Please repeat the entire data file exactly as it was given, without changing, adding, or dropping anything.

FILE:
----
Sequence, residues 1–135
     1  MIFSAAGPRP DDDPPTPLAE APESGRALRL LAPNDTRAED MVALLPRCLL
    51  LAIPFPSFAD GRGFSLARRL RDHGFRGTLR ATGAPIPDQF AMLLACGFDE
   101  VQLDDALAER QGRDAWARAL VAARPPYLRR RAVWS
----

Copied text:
Sequence, residues 1–135
     1  MIFSAAGPRP DDDPPTPLAE APESGRALRL LAPNDTRAED MVALLPRCLL
    51  LAIPFPSFAD GRGFSLARRL RDHGFRGTLR ATGAPIPDQF AMLLACGFDE
   101  VQLDDALAER QGRDAWARAL VAARPPYLRR RAVWS